Master of Urban Planning - 2015
How did your experiences at NYU Wagner prepare you for your career?
Some of the biggest challenges of our time - including climate change, wealth inequality, and the rise of populist politics - can only be addressed through activism that is global as well as local. Being at NYU and in New York gave me the space to meet people from around the world, and begin making my contribution towards building international activist solidarity and knowledge sharing networks. There are few cities in the world that provide exposure to people and organizations from everywhere like New York, and Wagner is located at the heart of it.
Why did you choose NYU Wagner for graduate school?
I came into contact with NYU Wagner through Professor Paul Smoke. In our conversations, Prof. Smoke came across as someone similarly grappling with the challenges of bridging the chasms that exist between policy and practice, and governments and citizens. These questions lie at the heart of governance in the 21st century, and Wagner doesn't shy away from them. I also liked how coursework focused both globally and locally. New York City serves as an excellent urban policy laboratory, and though my interest is more in the Global South, I found I learnt a tremendous amount through courses that use this amazing city as a classroom.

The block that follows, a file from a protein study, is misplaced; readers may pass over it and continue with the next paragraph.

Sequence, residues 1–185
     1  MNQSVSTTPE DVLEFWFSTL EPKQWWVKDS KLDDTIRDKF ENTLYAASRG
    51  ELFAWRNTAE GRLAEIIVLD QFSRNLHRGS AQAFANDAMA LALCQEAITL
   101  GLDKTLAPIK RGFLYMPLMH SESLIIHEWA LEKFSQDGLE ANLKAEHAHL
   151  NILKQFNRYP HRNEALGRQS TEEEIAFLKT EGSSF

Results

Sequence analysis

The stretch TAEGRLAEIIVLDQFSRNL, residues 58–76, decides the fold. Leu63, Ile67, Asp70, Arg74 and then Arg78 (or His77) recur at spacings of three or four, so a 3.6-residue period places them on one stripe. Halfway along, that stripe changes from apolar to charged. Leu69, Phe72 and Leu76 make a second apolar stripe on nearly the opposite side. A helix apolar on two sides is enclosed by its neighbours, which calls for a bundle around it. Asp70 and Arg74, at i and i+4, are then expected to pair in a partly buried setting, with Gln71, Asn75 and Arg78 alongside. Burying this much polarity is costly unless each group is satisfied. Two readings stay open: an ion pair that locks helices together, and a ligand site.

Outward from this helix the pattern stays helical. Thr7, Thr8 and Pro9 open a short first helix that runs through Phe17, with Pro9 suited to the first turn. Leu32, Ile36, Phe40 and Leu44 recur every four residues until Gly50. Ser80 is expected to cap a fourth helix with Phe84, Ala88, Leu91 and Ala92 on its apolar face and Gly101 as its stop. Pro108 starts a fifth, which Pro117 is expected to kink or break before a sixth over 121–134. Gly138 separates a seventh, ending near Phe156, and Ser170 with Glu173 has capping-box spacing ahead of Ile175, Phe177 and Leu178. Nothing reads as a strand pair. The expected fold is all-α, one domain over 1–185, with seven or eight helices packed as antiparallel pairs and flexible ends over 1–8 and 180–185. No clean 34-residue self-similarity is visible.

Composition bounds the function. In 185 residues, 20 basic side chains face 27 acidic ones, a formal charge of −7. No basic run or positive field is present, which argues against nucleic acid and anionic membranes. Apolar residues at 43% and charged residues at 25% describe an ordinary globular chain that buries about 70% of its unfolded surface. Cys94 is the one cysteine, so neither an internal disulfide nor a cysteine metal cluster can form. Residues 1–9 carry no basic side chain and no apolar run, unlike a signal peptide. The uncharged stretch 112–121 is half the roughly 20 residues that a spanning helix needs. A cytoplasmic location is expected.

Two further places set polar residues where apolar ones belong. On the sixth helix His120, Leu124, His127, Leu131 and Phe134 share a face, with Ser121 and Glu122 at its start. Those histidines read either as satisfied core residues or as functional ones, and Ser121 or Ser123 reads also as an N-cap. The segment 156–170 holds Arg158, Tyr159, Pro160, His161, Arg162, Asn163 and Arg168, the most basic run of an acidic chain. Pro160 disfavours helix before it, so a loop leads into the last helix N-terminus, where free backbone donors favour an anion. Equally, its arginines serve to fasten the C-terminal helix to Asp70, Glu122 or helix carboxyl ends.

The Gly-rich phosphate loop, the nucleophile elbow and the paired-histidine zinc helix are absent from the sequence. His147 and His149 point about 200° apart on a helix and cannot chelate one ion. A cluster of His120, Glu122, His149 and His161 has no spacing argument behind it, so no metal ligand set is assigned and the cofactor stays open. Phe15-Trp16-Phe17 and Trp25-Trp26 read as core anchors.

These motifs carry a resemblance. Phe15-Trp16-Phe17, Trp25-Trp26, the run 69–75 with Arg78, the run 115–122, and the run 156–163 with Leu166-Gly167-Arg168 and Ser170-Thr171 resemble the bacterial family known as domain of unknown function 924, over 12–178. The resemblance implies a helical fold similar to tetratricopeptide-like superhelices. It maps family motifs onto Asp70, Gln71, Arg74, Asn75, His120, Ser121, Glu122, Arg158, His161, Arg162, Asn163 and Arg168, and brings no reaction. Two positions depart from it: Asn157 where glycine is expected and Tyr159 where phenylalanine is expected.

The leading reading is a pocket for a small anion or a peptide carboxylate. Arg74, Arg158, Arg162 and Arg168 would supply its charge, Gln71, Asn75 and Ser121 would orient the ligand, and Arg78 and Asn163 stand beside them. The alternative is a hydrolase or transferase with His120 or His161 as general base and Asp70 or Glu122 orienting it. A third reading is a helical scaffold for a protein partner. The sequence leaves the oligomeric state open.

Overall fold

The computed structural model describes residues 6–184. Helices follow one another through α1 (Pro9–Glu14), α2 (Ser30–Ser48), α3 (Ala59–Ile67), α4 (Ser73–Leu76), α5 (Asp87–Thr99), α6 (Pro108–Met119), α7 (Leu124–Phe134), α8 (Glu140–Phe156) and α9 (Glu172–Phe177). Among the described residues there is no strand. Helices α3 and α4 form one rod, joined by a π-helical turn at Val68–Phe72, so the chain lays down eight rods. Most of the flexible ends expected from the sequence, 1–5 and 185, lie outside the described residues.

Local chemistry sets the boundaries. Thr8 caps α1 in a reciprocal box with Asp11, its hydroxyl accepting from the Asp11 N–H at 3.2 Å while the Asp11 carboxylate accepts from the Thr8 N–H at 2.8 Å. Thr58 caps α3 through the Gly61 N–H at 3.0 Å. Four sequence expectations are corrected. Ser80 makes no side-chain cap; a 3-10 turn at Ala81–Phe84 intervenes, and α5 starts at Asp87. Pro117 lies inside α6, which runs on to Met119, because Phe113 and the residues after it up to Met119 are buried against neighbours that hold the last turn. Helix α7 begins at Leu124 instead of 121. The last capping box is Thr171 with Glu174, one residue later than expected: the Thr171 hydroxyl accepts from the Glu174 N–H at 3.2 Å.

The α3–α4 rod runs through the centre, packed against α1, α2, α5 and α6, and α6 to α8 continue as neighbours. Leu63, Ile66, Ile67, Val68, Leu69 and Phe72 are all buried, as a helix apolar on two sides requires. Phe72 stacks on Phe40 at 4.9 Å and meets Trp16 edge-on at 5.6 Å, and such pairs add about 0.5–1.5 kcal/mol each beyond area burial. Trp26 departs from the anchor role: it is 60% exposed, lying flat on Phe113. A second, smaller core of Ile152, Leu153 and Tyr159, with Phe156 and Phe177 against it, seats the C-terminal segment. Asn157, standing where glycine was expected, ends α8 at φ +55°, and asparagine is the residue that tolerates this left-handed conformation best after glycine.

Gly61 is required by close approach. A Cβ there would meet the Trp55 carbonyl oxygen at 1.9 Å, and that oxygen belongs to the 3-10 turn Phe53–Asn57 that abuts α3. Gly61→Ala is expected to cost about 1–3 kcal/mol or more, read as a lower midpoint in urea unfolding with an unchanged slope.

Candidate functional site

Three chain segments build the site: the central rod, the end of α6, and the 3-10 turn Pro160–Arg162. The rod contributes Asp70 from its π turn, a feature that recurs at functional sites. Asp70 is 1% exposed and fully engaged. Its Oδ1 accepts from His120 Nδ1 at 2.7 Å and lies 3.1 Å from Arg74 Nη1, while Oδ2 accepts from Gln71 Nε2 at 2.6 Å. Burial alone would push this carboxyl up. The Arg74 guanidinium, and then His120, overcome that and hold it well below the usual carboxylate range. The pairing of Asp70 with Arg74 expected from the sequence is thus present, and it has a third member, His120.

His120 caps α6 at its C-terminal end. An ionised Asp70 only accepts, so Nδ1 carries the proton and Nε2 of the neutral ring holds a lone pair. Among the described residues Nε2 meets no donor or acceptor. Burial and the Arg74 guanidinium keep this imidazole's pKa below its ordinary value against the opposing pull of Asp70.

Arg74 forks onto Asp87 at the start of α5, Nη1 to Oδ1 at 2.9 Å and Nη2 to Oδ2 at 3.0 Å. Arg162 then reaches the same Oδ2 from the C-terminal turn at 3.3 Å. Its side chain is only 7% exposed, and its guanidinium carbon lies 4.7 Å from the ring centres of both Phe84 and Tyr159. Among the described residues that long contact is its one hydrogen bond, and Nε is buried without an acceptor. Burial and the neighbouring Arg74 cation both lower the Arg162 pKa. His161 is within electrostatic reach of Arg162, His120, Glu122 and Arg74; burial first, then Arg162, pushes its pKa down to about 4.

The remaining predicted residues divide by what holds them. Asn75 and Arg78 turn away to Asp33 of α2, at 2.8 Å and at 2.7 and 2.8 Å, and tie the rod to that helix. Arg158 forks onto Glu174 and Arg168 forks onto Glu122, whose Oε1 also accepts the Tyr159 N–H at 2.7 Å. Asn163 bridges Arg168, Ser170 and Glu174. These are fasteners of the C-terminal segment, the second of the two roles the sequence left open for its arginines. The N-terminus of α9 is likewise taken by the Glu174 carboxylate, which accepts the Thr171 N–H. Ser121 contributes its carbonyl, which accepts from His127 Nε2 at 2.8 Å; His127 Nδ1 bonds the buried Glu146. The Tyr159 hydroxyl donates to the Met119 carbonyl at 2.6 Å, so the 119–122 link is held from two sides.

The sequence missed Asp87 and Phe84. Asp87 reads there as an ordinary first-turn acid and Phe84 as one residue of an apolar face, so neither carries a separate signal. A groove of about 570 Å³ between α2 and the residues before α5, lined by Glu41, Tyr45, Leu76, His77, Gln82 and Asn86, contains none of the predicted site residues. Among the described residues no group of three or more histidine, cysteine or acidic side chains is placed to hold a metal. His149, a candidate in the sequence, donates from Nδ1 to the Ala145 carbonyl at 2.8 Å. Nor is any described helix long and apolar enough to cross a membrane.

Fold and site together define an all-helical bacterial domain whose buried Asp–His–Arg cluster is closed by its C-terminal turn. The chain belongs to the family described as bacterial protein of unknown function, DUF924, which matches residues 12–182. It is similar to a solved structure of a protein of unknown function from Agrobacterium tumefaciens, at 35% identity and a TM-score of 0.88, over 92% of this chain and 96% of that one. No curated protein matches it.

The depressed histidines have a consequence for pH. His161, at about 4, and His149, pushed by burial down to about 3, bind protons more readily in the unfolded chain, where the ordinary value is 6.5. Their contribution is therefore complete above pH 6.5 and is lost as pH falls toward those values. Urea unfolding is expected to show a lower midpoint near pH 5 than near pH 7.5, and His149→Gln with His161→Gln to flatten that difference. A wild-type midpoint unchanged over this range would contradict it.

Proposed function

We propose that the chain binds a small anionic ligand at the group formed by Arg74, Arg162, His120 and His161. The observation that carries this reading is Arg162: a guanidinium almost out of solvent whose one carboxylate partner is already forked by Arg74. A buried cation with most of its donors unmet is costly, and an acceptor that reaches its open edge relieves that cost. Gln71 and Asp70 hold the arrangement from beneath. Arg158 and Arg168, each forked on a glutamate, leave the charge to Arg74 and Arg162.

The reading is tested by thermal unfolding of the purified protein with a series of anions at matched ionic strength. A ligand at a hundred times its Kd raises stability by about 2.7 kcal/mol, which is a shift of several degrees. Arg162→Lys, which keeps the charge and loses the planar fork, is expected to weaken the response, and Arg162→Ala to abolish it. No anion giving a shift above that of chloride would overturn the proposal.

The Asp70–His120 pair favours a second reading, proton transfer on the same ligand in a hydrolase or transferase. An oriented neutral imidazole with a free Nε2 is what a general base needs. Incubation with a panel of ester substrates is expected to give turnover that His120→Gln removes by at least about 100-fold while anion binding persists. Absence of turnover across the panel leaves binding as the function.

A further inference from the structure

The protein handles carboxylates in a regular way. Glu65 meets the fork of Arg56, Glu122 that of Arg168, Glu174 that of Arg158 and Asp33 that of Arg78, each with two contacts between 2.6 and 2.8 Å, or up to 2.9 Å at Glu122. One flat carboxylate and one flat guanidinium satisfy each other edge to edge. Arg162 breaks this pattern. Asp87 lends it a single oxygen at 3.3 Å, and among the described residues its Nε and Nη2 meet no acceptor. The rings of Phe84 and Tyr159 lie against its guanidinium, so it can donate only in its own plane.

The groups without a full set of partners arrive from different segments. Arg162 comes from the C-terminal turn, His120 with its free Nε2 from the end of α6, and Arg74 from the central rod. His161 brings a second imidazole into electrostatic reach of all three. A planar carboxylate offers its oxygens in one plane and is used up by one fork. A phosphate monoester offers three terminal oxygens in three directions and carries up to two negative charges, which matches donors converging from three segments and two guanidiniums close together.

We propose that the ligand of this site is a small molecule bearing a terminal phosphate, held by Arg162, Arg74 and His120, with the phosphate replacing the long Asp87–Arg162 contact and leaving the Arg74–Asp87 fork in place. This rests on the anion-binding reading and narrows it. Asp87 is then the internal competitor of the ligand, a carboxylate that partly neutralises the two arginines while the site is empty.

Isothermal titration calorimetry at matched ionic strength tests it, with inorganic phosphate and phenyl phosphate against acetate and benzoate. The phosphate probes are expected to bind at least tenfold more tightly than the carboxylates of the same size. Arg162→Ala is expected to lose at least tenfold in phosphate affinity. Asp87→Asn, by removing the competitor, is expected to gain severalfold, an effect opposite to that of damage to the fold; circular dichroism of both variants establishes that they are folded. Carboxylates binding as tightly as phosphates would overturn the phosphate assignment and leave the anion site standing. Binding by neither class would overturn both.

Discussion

DESCRIBE YOUR CURRENT JOB.
I helped to develop and now co-direct a global fellowship program called the Bertha Challenge. Every year Bertha Foundation will award fellowships to leading activists and journalists from around the world, to focus their attention on answering one pressing social justice challenge. Our first Bertha Challenge kicked off in June 2019, with a focus on land and housing justice. Fellows will spend the year working collaboratively and independently to deep-dive into the systemic causes of land and housing crises (at home and abroad), developing ideas on how things could be done differently, and then finding ways of amplifying these findings to a wider audience.